CBO Puts Full Price Tag On Biden Student Loan Relief Scheme – OpEd


Since President Biden announced he would forgive the student loans of millions of Americans last year, the biggest unanswered question about the scheme has been how much it would cost taxpayers.

It’s a question that only exists because the U.S. government took over the student loan industry in 2010. The government has had to borrow the money to fund student loans ever since. If the people who took out student loans are excused from having to pay their debt as they agreed, that’s a big part of the national debt that won’t be paid back. That means other Americans are being forced to bear the cost of their unpaid debt.

Answering the question of how much it will cost has been difficult. That’s mainly because the Biden administration keeps changing its proposed eligibility rules for the scheme. The Brookings Institute’s Adam Looney recognized the problem after the administration proposed new rules earlier this year.

The Biden administration in January proposed new rules for Income-Driven Repayment (IDR) plans for federal student loans. The proposal would substantially reduce amounts borrowers would be asked to repay by, among other things, capping loan payments at a much lower fraction of borrowers’ income than under current policies, eliminating the accrual of unpaid interest, and reducing the number of loan payments required before loans are forgiven in certain circumstances. It isn’t clear who will benefit from these changes nor what the true cost will be. The Department provided a partial estimate of the cost of the plan ($138 billion over ten years), but other analysts expect the true cost to be several times larger and to exceed $333 billion dollars over the next decade.

That the Department of Education does not know what the true cost of its signature student loan repayment plan will be, who will benefit, or what its economic consequences will be reflects a broken regulatory process. It will result in regulations that are unlikely to achieve the objectives of the 2007 legislation, the College Cost Reduction and Access Act, or the Department’s expressed goals.

In other words, President Biden’s student loan relief scheme guarantees a costly government failure. How costly has just been addressed by a new analysis from the Congressional Budget Office, which looked at the Income-Driven Repayment portion of the program. Instead of $138 billion over its first ten years, the CBO expects it will cost at least $230 billion. Those costs will go up to $275 billion should the Supreme Court rule against the scheme, which the U.S. Congress has never approved.

Why will Biden’s student loan forgiveness be so much more costly than promised?

Reason‘s Eric Boehm reports on how the CBO’s estimate came to be nearly double the Department of Education’s claimed cost:

The CBO points out that the Department of Education did not account for the “behavioral effects” of the new policy—in other words, it did not include estimates for how many additional students would take out loans if the repayment method was altered.

The CBO, however, did. It found that reducing what student loan borrowers will eventually have to pay back unsurprisingly caused more students to take out loans—including loans that they would be unable to pay off in full. Overall, the annual volume of student loans would increase by about 12 percent, the CBO estimated, with both undergraduate and graduate students seeking more loans.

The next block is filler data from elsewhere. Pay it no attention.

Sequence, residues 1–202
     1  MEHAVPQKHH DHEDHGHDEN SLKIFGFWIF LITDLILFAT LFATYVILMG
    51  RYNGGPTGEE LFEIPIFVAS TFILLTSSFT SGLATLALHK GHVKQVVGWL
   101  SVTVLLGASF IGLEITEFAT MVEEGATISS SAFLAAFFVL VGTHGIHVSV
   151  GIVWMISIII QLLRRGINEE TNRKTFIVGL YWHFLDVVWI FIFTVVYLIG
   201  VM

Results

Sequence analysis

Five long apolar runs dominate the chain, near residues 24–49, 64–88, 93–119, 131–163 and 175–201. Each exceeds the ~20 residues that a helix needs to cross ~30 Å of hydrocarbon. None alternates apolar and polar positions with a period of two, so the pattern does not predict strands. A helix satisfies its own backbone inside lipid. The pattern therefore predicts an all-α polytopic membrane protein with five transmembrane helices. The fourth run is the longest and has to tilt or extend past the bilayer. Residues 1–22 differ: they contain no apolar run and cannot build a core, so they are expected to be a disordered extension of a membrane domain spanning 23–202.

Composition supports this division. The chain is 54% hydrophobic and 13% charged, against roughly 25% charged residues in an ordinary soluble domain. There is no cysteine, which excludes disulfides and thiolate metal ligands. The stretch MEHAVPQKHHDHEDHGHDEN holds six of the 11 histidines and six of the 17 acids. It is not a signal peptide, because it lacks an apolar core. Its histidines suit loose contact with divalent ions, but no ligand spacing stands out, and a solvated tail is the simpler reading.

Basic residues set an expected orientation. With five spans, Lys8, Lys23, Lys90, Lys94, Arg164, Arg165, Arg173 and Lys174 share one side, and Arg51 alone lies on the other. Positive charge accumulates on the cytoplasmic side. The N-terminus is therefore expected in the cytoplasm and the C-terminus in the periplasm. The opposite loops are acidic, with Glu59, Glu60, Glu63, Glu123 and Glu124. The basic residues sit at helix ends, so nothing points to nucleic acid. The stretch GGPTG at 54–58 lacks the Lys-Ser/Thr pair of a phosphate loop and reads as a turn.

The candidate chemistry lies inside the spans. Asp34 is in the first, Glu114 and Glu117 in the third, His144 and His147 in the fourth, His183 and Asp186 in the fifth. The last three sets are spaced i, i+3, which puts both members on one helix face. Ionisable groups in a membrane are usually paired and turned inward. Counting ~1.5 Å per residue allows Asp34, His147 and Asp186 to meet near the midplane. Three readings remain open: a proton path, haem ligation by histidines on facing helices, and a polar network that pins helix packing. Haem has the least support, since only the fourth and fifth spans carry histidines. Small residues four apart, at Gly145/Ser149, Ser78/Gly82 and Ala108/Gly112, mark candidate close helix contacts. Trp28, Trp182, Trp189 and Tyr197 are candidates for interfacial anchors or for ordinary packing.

“Students who would be expected to take out federal loans would borrow more,” Leah Koestner, a CBO budget analyst concluded in a presentation on Wednesday. And “some students who would not be expected to borrow under current law would take out loans.”

Suppose student loans are already a costly problem. How does imposing a student loan forgiveness scheme making them into an even bigger, more costly problem make any fiscal sense?

It worsens when you discover who will gain the most from the scheme.

Who benefits the most from the student loan forgiveness scheme?

As for the other question of who will benefit from President Biden’s student loan forgiveness scheme, the Committee for a Responsible Federal Budget has worked out that answer. They determined that “57 percent to 65 percent of the extended pause and cancellation will go to those in the top half of the income spectrum”. Here’s their bottom line:

Importantly, none of these estimates take into account the Administration’s problematic Income-Driven Repayment proposals. And none account for the cost of financing its plan – with resulting increases in inflation disproportionately affecting lower-income households.

In the end, the Administration’s student debt cancellation proposal is costly, inflationary, will drive up higher education costs, and will deliver the majority of the benefits to those in the top half of the income spectrum.

That doesn’t sound very equitable, does it?

The CBO’s new findings confirm the Income-Based Repayment proposals are far more problematic than anyone in the Biden administration has acknowledged. The Biden administration’s student loan forgiveness scheme is about as far from a fair or sound fiscal policy as possible.

This article was published by The Beacon

Craig Eyermann

Craig Eyermann is a Research Fellow at the Independent Institute. He is also the creator of MyGovCost.org: Government Cost Calculator. He received his M.S. in mechanical engineering from New Mexico State University and M.B.A. from the University of Phoenix, having received a B.S. in both mechanical and aerospace engineering from the Missouri University of Science and Technology.

Leave a Reply

Your email address will not be published. Required fields are marked *